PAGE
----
January 01, 2022

The Gambler Wife

The Gambler Wife
Original illustration of Anna Snitkina. Haley Bader

In the fall of 1866, a twenty-year-old stenographer named Anna Snitkina applied for a position with a writer she idolized: Fyodor Dostoyevsky. A self-described emancipated “girl of the sixties,” Snitkina had come of age during Russia’s first feminist movement, and Dostoyevsky — a notorious radical turned acclaimed novelist — had impressed the young woman with his enlightened and visionary fiction. Yet in person, she found the writer “terribly unhappy, broken, tormented,” weakened by epilepsy, and yoked to a ruinous gambling addiction. Alarmed by his condition, Anna became his trusted first reader and confidante, then his wife, and finally his business manager — launching one of literature’s most turbulent and fascinating marriages. After reversing the novelist’s freefall and helping him conquer his gambling addiction, Anna went on to found her own publishing house, making her the first solo female publisher in Russian history. In this scene from Chapter 12, “The Publisher,” Anna saves the manuscript of Dostoyevsky’s unpublished novel, The Adolescent, and gives us a glimpse of the moxie that made her a successful entrepreneur.

The manuscript was far from perfect, but it would have to do, since Nekrasov was expecting it any day now. On September 15, the family of five left for Petersburg, where the author was to deliver the last installments of The Adolescent and collect the remainder of his advance, which had by now become necessary to them. The weather was warm and glorious on that late‑summer day, as the gentry‑style caravan escorted the Dostoyevskys to the steamboat dock on Lake Ilmen, amid the bright tinkle of carriage bells and children’s delighted screams. The lake itself was the color of turquoise and smooth as glass, reminding Anna of the Swiss lakes from her travels nearly a decade earlier. Arriving in Novgorod at three in the afternoon, they unloaded the luggage from the steamboat, and the family was then transported to the train station.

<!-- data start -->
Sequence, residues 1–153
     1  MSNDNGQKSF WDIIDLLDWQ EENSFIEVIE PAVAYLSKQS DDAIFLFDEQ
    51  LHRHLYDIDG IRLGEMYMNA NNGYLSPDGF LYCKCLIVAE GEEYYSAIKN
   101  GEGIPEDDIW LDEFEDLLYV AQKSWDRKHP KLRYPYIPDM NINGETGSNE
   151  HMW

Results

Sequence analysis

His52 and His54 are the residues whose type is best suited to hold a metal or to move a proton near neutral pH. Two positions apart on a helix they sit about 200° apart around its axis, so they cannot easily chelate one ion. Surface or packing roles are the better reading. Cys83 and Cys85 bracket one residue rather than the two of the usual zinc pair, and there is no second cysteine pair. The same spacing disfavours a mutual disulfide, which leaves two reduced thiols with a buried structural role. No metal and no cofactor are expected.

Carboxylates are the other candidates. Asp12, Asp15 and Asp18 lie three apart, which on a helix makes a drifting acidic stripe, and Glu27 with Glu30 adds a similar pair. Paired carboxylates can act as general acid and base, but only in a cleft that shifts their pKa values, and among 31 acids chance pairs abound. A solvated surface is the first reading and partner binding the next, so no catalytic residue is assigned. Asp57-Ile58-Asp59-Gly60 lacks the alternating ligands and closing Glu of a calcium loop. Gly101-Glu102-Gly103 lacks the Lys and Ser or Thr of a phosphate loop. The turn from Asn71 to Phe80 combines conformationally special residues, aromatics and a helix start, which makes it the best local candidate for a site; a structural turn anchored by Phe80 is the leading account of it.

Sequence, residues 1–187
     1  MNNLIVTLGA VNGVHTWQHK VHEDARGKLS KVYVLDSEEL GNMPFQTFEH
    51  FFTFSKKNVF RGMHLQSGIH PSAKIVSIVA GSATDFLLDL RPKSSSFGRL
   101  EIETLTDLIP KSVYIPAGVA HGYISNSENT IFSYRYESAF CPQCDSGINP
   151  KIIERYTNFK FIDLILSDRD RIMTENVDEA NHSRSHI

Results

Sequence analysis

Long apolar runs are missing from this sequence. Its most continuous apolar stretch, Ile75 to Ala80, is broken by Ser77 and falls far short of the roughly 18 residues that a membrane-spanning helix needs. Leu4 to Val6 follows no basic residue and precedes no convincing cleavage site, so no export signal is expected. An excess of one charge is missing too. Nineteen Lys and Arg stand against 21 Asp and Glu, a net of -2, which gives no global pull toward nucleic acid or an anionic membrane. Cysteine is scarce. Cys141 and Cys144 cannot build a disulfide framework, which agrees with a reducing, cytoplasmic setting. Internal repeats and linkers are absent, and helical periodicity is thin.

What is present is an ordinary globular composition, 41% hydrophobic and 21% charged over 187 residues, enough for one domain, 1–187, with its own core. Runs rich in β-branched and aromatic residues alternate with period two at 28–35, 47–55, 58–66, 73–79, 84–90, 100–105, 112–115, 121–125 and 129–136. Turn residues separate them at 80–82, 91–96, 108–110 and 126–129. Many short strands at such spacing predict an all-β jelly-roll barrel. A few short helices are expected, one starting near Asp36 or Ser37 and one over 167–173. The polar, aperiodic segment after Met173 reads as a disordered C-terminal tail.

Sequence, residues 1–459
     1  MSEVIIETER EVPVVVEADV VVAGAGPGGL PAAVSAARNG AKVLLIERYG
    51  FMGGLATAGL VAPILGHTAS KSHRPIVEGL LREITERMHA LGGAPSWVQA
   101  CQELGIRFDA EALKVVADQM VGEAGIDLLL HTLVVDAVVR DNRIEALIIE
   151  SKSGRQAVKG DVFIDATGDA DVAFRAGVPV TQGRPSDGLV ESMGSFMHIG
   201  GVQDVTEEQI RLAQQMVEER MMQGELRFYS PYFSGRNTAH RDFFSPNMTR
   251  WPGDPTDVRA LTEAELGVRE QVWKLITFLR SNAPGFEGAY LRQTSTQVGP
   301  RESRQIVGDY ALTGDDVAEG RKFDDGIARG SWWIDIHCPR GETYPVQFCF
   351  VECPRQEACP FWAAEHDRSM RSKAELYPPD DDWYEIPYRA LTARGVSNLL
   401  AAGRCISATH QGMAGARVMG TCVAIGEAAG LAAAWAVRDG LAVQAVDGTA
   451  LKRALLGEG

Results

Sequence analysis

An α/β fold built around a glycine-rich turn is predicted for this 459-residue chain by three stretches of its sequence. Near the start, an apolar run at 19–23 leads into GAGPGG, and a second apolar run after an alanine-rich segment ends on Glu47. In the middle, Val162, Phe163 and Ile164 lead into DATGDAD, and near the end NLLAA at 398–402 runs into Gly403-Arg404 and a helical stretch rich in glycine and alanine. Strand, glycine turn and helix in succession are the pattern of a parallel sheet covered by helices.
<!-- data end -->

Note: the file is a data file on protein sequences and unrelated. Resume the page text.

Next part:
Later that evening, when it was time to depart, Anna went to fetch what she thought was her husband’s travel trunk from storage, but, on a second look, she noticed that it wasn’t his. She glanced around. There was no other black trunk in the vicinity. She grew concerned. Of all the trunks that might be lost, this one was the most unfortunate: inside it was not just her husband’s overcoat and underwear, but the manuscript for The Adolescent. Worse, the trunk contained the notebooks for the novel, without which Dostoyevsky would be helpless. Two months of intensive labor would be lost, and he would have to reconstruct his work from scratch.

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